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December 10, 2007
Just What Is OSHA and How Does it Work?

OSHA's mission is to send every worker home whole and healthy every day. OSHA is a federal agency with 2,150 employees, including 1,100 inspectors, and an annual budget of nearly $500 million. Almost every working person in the nation, with a few exceptions, comes under OSHA's jurisdiction. To protect all these workers, OSHA creates and enforces standards (regulations) to improve on-the-job safety and health. OSHA standards are based on:

  • Workplace research
  • Advice from technical experts
  • The experience of employers, unions, and other interested parties

Specific OSHA standards:

  • Identify possible causes of job-related injury or illness.
  • Require and explain the procedures, equipment, and training that must be used to reduce hazards and perform jobs safely.

Here's what else OSHA does. OSHA says it's currently focusing on three strategies designed to improve workplace safety and health in America:

  • Enforcement. OSHA recognizes that the vast majority of employers want to do the right thing when it comes to workplace safety, and most of them succeed. Therefore, the agency seeks to assist those employers who that to improve safety still further, while concentrating enforcement resources on sites in the most hazardous industries--especially those with high injury and illness rates.
  • Outreach, education, and compliance assistance. OSHA's many print publications provide a wealth of safety and health information for employers and employees alike. In addition, free workplace consultations are available in every state to small businesses that want on-site help establishing safety and health programs and identifying and correcting workplace hazards. OSHA also has a network of more than 70 compliance assistance specialists in local offices available to provide employers and employees with tailored information and training.
  • Why It Matters ...
    • Since OSHA was created in 1971 following enactment of the Occupational Safety and Health Act in 1970, the agency has helped to cut workplace fatalities by more than 60 percent and occupational injury and illness rates by 40 percent.
    • At the same time, U.S. employment has increased from 56 million employees at 3.5 million worksites to more than 135 million employees at 8.9 million sites.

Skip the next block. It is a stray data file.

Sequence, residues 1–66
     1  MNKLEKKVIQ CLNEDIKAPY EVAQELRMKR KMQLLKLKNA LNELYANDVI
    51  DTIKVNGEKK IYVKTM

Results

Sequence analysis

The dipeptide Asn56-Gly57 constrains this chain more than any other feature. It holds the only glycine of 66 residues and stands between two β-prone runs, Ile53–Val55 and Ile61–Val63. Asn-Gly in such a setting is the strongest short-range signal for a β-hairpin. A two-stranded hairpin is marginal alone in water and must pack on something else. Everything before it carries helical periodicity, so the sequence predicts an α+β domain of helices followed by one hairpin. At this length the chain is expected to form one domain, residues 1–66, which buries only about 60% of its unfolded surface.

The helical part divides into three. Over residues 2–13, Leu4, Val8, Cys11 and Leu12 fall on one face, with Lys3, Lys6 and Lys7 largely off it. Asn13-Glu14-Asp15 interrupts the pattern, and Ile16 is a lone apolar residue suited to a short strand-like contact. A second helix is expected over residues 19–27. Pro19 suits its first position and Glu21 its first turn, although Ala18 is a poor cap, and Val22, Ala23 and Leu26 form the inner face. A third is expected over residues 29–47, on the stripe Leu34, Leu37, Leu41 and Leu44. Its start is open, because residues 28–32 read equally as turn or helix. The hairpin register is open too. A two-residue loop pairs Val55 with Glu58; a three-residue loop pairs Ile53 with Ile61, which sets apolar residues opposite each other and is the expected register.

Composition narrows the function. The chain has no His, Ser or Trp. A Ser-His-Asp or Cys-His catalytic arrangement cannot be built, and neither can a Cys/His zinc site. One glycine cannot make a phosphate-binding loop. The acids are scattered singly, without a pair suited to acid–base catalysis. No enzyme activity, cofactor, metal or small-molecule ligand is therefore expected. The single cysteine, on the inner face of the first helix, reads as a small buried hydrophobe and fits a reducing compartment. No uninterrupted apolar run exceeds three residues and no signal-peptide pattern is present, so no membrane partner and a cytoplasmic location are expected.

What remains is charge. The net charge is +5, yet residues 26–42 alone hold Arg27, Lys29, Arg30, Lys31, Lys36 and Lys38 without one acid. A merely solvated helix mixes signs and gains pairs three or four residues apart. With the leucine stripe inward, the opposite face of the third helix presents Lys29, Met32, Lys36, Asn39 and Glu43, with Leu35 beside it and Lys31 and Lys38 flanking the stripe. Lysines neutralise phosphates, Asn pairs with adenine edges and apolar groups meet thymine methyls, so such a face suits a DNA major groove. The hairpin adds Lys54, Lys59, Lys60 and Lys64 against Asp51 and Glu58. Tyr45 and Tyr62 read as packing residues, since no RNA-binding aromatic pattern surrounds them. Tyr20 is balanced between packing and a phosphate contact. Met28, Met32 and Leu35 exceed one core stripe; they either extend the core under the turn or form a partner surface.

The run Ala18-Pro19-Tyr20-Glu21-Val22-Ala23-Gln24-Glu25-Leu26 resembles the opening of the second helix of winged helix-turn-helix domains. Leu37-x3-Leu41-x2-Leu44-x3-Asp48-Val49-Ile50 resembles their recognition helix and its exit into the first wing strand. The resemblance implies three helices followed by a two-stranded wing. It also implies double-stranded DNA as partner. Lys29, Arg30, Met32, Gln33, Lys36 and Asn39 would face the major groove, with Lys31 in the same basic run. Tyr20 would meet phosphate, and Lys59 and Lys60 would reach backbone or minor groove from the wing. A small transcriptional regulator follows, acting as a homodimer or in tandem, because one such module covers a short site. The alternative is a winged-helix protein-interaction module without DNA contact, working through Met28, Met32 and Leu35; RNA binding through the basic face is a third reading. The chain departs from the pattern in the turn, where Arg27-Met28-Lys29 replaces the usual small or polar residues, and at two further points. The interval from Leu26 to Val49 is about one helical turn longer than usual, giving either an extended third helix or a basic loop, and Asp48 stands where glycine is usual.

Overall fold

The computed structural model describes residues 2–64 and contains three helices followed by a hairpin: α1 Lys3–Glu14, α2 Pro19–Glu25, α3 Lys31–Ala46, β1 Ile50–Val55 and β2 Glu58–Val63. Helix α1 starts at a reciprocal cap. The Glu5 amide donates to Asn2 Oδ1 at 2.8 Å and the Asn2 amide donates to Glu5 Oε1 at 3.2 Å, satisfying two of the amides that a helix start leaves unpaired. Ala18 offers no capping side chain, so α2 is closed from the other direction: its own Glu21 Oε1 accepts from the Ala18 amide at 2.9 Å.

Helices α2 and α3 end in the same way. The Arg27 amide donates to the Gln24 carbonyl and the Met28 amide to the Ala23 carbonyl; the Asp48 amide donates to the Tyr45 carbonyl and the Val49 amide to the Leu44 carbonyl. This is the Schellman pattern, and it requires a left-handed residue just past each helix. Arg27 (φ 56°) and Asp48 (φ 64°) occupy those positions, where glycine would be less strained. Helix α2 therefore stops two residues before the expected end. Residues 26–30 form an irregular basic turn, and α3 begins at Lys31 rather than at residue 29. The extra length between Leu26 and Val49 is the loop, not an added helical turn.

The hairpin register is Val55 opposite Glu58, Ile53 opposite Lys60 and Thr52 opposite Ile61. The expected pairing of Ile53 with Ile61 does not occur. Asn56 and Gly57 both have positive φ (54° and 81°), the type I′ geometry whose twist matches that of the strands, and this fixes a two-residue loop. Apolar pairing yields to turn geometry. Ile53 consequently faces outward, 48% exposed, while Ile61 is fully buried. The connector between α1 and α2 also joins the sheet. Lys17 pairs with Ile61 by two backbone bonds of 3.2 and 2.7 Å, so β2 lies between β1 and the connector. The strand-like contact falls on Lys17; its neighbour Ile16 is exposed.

• OSHA compliance programs offer employers the opportunity to enter into partnerships to improve workplace safety and health rather than engaging in costly and nonproductive adversarial relationships with the agency.
  • Cooperative programs. OSHA's Alliance Program enables employers, labor unions, trade or professional groups, government agencies, and educational institutions that share an interest in workplace safety and health to collaborate with OSHA to prevent injuries and illnesses in the workplace. In the Strategic Partnership Program, OSHA enters into long-term cooperative relationships with groups of employers, employees, and employee representatives to improve workplace safety and health. Written agreements outline efforts to eliminate serious hazards and provide ways to measure the effectiveness of a safety and health program. The Safety and Health Achievement Recognition Program (SHARP) is designed to provide incentives and support to employers to develop, implement, and continuously improve effective safety and health programs in their workplaces. Finally, the Voluntary Protection Programs (VPP), a partnership program between OSHA and highly motivated employers, recognizes safety and health excellence. OSHA reports that VPP worksites save millions of dollars each year because their injury and illness rates are more than 50 percent below the averages for their industries.

To support its mission OSHA specifies safety and health rights and responsibilities. OSHA says that among other responsibilities, you must:

  • Inspect and evaluate your workplace for potential hazards.
  • Take effective steps to eliminate or minimize hazards.
  • Comply with OSHA standards and keep records of workplace injuries and illness.
  • Train employees to recognize safety and health hazards and take precautions to prevent accidents.

Employees have responsibilities, too. OSHA says employees must:

  • Comply with all applicable OSHA standards.
  • Follow the organization's safety and health rules and regulations.
  • Wear assigned PPE.
  • Report hazardous conditions.
  • Report any job-related injury or illness and seeking treatment.
  • Cooperate with OSHA compliance officers conducting inspections.

And then there are employee rights as well. Employees have the right to:

  • Review copies of OSHA regulations and request information about workplace hazards, precautions, and procedures.
  • Gain access to relevant employee exposure and medical records.
  • Request an OSHA inspection if they believe hazardous conditions or violations of standards exist in the workplace.
  • Accompany an OSHA compliance officer during the inspection tour and respond to questions from the inspector.
  • Observe any monitoring or measuring of hazardous materials and see the resulting records, as specified under the OSH Act and required by OSHA standards.
  • Review your OSHA 300 Log of Work-Related Occupational Injuries and Illnesses.
  • Refuse to be exposed to the danger of death or serious physical harm.
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